I first laid eyes on Sarah in an animal shelter in Newport, where we were pastoring, at the top of a large pen swarming with cats of all sizes and colors loudly meowing for attention. I worked my way through the crowded pen to where Sarah, a long-haired gorgeous calico cat was curled up sound asleep, reached out, and softly petted her long fur. Sarah lifted her head and yawned back at me. It was love at first sight.
I was still grieving the loss of Susie, a short haired calico cat we had for eighteen years. I really didn’t know if I’d be able to have or love another cat after Susie, but my family insisted that I had to get another cat as I loved cats and they couldn’t picture me without one. So I found myself adopting Sarah, who I wanted to call Annabelle. Sarah was already a couple of years old so not to confuse her I began calling her Sarah Annabelle figuring I’d drop Sarah once she got used to it, but somehow both names stuck.
I was struggling physically as my Lyme disease had come out of remission and soon was bedfast. Sarah Annabelle would lie on top of me purring or beside me snoozing the day away keeping me company. She was the ideal companion; a perfect pet.
We moved back to our house in Jamestown and for the first time in her life Sarah Annabelle was able to go outside. She fell quickly in love with the outdoors roaming around exploring and sleeping in the sun during the warm summer months claiming our home as her forever place.
On cold winter days you would find Sarah Annabelle snoozing toasting her toes at the wood- stove. We often wondered how she didn’t suffocate with her thick long fur especially when the fire was roaring hot.
For some reason Sarah Annabelle loved shoes and slippers- and the stinkier the better. Pure catty bliss to her was curled up at the hot wood stove among work shoes drying.
Sarah Annabelle was a gently soul that got along with all the other animals that we took in at our place. Nobody had any trouble sharing space with Sarah Annabelle.
Sarah Annabelle was one of the most photogenic pets I have ever had. Her quite personality was ideal for sitting at one spot posing for however long it took me to get the right angle and shot.
All I had to do was gently push her body down or around and she would lie there quietly as if wondering in her catty mind what this human person would do or think up next.
Sarah Annabelle followed me from room to room during the day. When I was at my computer she made herself comfortable on the nearby shelf or…
squished her furry fat body on the crowded desk behind me.
If I was in the kitchen and opened up my herb cabinet while cooking guess what spot Sarah Annabelle claimed?
When I made pies Sarah Annabelle would sit on a stool watching my every move memorized over the rolling pin as I rolled out pie crusts.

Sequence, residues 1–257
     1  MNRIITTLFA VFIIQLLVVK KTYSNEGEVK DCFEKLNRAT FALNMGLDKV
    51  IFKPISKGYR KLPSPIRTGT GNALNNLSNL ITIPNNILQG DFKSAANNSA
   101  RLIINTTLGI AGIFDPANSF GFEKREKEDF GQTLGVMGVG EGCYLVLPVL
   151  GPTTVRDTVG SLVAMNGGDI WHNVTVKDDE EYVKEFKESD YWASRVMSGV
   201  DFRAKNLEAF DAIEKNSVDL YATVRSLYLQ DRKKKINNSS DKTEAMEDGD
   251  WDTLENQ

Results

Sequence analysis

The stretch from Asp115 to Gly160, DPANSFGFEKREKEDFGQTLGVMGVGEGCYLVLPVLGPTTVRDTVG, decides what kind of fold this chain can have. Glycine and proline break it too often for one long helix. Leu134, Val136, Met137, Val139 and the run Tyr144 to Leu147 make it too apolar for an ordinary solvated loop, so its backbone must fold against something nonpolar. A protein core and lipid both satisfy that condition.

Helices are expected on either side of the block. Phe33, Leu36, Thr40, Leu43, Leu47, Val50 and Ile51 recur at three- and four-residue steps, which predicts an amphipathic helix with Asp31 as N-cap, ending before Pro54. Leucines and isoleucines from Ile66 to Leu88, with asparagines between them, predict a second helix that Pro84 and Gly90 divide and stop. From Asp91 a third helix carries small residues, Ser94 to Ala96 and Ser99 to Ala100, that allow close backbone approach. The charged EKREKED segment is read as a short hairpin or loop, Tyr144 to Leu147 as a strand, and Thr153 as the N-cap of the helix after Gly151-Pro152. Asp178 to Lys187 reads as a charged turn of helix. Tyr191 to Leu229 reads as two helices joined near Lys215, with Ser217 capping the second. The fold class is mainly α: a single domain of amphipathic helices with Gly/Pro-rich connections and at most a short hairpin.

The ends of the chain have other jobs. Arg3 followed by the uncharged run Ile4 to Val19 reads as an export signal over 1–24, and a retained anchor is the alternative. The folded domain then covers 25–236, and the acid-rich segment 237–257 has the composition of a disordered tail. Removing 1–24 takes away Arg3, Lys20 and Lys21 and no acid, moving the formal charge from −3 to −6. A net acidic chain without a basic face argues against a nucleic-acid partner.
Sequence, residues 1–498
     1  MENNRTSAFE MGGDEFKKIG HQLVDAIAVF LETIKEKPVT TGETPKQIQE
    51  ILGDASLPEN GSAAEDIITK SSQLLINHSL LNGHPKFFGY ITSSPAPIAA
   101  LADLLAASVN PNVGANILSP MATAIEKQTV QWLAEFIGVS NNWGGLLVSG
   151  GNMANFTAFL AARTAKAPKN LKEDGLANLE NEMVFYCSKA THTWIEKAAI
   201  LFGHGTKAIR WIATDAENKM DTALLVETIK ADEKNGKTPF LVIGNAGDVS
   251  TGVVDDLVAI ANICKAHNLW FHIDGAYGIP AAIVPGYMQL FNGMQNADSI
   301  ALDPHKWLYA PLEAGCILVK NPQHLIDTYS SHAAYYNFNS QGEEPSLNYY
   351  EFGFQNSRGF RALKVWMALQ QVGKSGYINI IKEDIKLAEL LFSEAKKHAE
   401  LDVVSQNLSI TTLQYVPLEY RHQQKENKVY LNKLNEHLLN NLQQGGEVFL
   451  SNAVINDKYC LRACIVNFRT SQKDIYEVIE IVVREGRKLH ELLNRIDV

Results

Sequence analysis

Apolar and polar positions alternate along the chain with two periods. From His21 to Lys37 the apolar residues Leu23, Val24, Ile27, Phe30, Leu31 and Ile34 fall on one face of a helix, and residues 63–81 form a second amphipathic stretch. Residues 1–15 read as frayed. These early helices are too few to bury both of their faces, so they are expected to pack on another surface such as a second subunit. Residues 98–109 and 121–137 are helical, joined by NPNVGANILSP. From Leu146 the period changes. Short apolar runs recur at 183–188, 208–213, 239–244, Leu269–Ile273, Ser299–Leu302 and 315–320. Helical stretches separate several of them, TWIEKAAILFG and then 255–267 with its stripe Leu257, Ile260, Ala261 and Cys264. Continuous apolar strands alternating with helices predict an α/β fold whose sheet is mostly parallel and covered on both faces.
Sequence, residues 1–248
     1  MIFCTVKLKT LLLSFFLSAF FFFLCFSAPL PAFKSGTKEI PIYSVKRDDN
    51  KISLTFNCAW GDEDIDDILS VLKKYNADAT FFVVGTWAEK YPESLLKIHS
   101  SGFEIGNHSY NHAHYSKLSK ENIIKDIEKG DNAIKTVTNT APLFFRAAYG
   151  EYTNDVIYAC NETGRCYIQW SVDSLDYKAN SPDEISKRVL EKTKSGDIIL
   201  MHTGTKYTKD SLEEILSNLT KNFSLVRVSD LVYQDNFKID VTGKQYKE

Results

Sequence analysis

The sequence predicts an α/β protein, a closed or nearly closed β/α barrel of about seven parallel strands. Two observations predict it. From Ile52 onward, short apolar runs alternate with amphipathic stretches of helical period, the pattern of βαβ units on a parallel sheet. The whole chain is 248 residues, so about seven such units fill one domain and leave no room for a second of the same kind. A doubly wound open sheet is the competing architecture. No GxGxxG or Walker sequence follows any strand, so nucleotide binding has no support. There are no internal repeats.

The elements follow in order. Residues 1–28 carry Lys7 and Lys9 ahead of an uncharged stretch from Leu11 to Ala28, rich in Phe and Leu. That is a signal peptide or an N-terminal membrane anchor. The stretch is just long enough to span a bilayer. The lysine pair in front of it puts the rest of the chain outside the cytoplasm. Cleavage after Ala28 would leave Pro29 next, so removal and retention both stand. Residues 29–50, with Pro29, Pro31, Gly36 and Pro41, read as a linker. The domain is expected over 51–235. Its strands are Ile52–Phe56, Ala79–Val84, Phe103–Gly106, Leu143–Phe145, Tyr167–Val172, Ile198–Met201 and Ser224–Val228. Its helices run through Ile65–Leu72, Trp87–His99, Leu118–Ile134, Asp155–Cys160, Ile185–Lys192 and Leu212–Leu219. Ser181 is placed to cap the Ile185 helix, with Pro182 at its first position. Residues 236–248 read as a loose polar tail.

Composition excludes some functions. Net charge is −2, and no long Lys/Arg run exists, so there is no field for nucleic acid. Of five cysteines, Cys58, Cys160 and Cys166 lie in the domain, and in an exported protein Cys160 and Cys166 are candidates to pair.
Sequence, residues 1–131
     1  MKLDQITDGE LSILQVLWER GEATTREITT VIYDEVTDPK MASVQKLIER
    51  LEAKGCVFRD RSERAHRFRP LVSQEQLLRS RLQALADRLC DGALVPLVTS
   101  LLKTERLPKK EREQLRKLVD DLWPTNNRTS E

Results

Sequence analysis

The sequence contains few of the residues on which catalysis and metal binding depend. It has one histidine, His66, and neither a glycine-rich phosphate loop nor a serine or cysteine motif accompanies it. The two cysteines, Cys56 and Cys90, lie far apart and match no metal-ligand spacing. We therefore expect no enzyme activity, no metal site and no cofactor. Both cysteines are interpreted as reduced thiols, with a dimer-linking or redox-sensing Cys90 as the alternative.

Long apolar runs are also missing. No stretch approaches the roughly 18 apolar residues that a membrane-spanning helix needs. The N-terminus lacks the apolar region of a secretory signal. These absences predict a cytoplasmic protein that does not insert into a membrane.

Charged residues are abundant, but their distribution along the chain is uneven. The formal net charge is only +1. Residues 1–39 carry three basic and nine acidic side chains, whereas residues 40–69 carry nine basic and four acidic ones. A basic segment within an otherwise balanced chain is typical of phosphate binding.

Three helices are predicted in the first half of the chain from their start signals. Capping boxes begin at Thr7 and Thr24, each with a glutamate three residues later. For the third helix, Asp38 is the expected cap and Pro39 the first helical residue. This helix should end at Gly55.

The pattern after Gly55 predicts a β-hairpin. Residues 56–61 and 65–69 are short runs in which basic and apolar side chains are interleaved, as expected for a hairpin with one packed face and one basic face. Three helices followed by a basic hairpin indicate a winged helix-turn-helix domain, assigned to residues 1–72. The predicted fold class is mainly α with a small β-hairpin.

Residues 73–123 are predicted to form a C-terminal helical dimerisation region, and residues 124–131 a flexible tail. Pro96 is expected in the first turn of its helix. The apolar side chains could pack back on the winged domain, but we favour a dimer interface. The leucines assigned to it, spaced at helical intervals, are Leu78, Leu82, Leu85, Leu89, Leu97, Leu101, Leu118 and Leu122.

Canning apple pie filling was a long process so a catty nap nearby was Sarah Annabelle’s solution.
Of course she was all curiosity checking out the pantry when I began storing my canned goods.
Sarah Annabelle was never demanding when she wanted attention. She would sit patiently by your side until you noticed her. If you took too long she would reach out and pat you with her paw just to let you know that she was there.
In fact most visitors never knew there was a cat around unless they saw Sarah Annabelle curled up sleeping or when she walked into a room. One morning I needed to sign a letter to mail and got sidetracked. Minutes later when I came back to the kitchen there was Sarah Annabelle still sitting by the letter as if to remind me of what I forgot.
Holidays were fun with Sarah Annabelle around. When I wasn’t snapping pictures of her you never knew where she would pop up next.
She would hide under the Christmas tree among the present if things got too noisy when the grand-kids came or…
make herself at home on the dining room table in the midst of my Christmas village.
As the years passed Sarah Annabelle got frailer, but it was hardly noticeable with her long fur. She was just there- a quiet presence that took longer naps, and then sleeping through most of the day. The last couple of years she stayed indoors all the time no longer interested in going outside.
I knew I would soon have to put Sarah Annabelle to sleep, but kept putting it off. She wasn’t sick or in pain just old. It became harder for her to jump up on the bed or get to her cat food so I fixed things to make it easier for her.
Early summer this year when it warmed up outside, Sarah Annabelle suddenly wanted to be outdoors again. She would come in only to eat a little spending most of the day in the front yard in a patch of sunshine curled up sleeping. It was as though she was preparing me for when she’d soon be gone.
When she quit eating we knew it was time to say good-bye. We counted up the years and it was hard to believe that we had Sarah Annabelle for fifteen years. She was seventeen years old. So one summer morning on a sunny day we buried Sarah Annabelle in the herb garden where our other calico cat, Susie, lies. Among the herbs and mints that bloom and shed fragrance my little catty lady, who I miss so much, now sleeps.